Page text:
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Democracy and the politics of humanitarianism 359

scientific humanitarianism™ “ an organic combination of Gladstonian
voluntaryism and technocratic altruism.30
Indeed the war did bring about a realignment, but the beneficiaries
were the Liberals. By 1901 Campbell-Bannerman felt confident enough
as party leader to challenge the Liberal Imperialists. He helped to
co-ordinate and focus the efforts of the various groups involved in this
groundswell of protest and built a popular front of moral outrage “ one
which also included the Irish Nationalists, but avoided divisive issues by
keeping Home Rule on the backburner. Asquith and the other younger
party leaders were shrewd enough to understand that this was the time to
support him.
From then on the Liberals retained the initiative within the left. They
were in the forefront of the moral opposition to Chinese labour, a practice
which in 1903 they denounced as an abomination to humanity. At that
time only Keir Hardie, among the Labour leaders, shared any interest in
the question. By contrast, as Kim has demonstrated, the TUC, LRC, ILP
and even Ramsay MacDonald paid scant attention to the issue until
February 1904.31 But then the agitation gathered momentum, with
resolutions by the SDF, ILP, Baptist Union, London Radical clubs,
National Liberal Club and NLF, sponsored by Reynolds™s and the
Manchester Guardian. Once again the leadership devolved on the
Liberals, including Morley and Asquith, while the Labour engagement
was, as Kim has pointed out, ˜essentially reactive™ in nature.32
As already noted above (pp. 36“7), Pottinger Saab has explained the
large-scale popular support for the 1876 Bulgarian agitation in terms of
working-class alienation from the political process. It is questionable
whether there was any such estrangement in 1876, but by 1905 there
was plenty of alarm among both the trade unions and the working
classes in general. By then they had been exposed to a series of episodes
which challenged late Victorian expectations about the proper, ˜British™
relationship between the state and society. First, with Taff Vale, judge-
made ˜law™ undermined the immunity which trade unions had enjoyed
since 1871. Then ˜methods of barbarism™ “ which eventually received con-
siderable media coverage “ exposed a very ˜un-English™ way of fighting wars
by starving Boer women and children in concentration camps. Peace had
hardly been re-established when ˜Chinese labour™ suggested that the British
immigrant could, after all, be cheated out of his job in the newly acquired
empire. Apart from the humanitarian issues discussed above, this created

30
Gill, ˜Calculating compassion™, 111. 31 Kim, ˜Chinese labour™, 38“9.
32
Ibid., 48. On the political role of the National Liberal Club see R. Steven, The National
Liberal Club: politics and persons (London, 1925).
360 British Democracy and Irish Nationalism

a powerful solidarity ˜between the self-interest of the worker™ and ˜the
self-righteousness of the Nonconformists™.33 The 1902 Education Act
abolished the School Boards established in 1870 which had provided an
effective system of representation for religious minorities and a frame-
work to monitor religious freedom in local authority schools. The Act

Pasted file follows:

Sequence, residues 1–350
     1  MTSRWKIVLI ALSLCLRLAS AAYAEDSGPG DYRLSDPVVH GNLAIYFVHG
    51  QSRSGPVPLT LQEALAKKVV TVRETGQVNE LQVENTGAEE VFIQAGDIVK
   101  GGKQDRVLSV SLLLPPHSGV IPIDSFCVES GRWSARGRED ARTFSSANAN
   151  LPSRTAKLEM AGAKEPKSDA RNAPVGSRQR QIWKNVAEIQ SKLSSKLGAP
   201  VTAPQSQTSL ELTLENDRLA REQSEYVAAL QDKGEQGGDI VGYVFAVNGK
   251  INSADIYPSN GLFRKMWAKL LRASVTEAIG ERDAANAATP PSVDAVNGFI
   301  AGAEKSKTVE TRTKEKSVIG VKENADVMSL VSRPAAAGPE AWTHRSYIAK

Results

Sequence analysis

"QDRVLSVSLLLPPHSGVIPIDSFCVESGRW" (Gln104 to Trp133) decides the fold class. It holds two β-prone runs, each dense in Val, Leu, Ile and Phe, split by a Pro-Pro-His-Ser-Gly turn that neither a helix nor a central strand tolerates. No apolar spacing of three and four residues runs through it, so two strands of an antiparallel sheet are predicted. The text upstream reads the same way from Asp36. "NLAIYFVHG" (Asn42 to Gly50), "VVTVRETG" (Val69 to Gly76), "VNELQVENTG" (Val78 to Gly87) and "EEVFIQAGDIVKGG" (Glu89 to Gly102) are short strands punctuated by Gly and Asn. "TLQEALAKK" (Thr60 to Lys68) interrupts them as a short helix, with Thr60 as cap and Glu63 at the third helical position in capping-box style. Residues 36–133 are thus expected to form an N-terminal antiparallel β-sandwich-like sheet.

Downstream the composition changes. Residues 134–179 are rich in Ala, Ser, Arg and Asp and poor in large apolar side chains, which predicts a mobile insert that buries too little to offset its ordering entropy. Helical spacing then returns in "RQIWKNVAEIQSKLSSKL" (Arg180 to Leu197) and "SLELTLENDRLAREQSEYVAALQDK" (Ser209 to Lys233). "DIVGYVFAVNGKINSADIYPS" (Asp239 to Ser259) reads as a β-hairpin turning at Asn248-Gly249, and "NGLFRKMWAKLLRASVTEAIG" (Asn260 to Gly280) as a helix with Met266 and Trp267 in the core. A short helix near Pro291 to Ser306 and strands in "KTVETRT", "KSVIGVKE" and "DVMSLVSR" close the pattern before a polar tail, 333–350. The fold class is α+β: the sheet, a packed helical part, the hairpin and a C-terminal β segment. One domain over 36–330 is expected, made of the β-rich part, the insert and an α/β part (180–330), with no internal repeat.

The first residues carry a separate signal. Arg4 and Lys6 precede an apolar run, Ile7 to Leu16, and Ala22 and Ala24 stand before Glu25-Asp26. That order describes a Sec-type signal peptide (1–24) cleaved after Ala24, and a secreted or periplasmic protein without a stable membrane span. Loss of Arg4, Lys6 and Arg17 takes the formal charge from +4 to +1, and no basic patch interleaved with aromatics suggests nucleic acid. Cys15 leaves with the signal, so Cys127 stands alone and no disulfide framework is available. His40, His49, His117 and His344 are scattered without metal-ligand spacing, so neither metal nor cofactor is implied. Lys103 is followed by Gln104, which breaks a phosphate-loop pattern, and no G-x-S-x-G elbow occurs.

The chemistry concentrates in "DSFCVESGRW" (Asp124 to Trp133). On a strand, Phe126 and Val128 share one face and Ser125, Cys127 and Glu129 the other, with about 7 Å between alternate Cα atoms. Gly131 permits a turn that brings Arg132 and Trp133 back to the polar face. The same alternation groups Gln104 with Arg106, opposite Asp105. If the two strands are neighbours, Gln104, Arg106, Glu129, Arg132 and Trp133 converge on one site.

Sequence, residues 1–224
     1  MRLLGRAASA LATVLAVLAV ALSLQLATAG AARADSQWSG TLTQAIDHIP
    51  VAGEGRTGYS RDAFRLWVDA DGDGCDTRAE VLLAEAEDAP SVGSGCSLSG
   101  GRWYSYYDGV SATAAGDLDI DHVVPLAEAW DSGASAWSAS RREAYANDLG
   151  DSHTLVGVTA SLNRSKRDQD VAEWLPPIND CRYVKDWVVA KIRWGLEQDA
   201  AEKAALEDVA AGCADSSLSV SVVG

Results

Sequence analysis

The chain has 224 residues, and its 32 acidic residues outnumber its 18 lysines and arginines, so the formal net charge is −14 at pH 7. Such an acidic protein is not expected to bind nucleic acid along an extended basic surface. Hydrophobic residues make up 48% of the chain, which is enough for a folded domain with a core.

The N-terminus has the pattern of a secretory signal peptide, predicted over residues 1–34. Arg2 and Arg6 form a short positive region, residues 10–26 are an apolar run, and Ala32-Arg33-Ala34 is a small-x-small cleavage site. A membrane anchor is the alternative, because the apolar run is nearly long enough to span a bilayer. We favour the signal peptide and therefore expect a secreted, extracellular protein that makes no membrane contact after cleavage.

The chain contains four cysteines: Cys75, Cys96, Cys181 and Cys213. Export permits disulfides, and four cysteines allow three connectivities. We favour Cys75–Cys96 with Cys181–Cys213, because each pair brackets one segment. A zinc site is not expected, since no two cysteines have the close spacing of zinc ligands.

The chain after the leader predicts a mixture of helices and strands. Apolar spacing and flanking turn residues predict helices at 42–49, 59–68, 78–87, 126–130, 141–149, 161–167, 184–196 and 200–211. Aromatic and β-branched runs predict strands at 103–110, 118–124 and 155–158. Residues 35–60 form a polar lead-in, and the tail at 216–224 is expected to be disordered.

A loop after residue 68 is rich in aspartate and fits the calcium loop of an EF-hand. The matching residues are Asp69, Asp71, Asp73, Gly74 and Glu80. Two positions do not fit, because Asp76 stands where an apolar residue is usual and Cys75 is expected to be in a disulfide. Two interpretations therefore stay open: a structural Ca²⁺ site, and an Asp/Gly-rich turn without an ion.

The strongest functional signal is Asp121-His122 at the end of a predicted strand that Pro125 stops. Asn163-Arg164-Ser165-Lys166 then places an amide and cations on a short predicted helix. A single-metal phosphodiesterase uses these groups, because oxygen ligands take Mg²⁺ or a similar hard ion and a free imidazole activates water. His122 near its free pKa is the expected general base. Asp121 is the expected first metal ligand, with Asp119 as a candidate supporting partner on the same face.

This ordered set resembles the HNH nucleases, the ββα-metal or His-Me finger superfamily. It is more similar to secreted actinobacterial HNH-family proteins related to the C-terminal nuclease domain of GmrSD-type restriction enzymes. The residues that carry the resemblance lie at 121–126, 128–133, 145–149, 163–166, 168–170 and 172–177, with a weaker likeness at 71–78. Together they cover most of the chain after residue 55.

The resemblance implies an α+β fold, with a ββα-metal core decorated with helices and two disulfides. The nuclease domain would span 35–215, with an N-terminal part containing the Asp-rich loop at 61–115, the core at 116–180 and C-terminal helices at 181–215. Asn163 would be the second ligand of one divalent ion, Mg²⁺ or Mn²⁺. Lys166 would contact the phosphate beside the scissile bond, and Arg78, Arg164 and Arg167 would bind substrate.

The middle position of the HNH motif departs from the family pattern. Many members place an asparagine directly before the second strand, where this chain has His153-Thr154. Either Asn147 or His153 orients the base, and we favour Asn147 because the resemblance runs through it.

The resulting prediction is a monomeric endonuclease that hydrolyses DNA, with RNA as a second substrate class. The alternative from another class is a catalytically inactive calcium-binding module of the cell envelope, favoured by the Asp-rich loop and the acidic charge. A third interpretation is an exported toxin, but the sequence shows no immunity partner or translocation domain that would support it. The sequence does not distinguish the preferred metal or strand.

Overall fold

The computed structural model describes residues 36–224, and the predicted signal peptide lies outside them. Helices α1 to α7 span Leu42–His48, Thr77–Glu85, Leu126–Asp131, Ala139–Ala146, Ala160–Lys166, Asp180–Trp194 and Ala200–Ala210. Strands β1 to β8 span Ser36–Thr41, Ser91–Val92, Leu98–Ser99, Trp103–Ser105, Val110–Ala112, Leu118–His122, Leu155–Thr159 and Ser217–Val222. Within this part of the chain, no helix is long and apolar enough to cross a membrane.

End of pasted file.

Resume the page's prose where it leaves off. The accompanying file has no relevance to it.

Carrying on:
further alienated the Nonconformists at the very time their numbers and
political self-confidence were being boosted by revival.34 Not surpris-
ingly, the election mobilized their ministers and in some constituencies
they came out en masse against the Unionist candidates. As Victor
Cavendish wrote to Devonshire, ˜[l]eading members of the different
Nonconformist bodies [stood] outside the polling booths [at Bakewell] and
every elector had to run the gauntlet of this cross-fire of ecclesiastical
influence™.35
Simultaneously, the Tariff Reform campaign was widely denounced as
a further conspiracy intended to make the impoverished working man pay
for a war which had only benefited the ˜Jewish™ capitalist. Consumers
were generally alarmed, especially women. Although the Daily Telegraph
contemptuously dismissed ˜the ignorant female mind, unable to look
beyond the limitations of the . . . weekly wage™, Women™s Weekly emphati-
cally declared that 1906 was a ˜women™s election™.36 As A. K. Russell has
noted, ˜influenced by a combination of cheap food and suffrage issues™,
women played an important role, canvassing and ˜prevailing™ upon unde-
cided electors.37 In particular, the WLF was able to extend its registration
and propaganda network, ˜quite outstripping the Primrose League™38 “
not in numerical terms, but in terms of its effectiveness as an electoral
machine.
These events had further repercussions. The Boer War and the
Education Act helped Lloyd George ˜break away from his roots as a
purely Welsh politician to become a significant figure in the Liberal
leadership™.39 On the basis of other, similarly Old Liberal issues, a num-
ber of prominent ˜New Liberal™ careers were launched, including that of
Churchill, who broke with the Tories on 31 May 1904, protesting against
their ˜Imperialism on the Russian model™, ˜insular prejudice against for-
eigners . . . racial prejudice against Jews, and . . . labour prejudice against

33
Russell, Liberal landslide, 205.
34
S. E. Koss, ˜1906: revival and revivalism™, in A. J. A. Morris (ed.), Edwardian radicalism,
1900“1914 (1974), 75“96; C. R. Williams, ˜The Welsh religious revival, 1904“1905™, 77,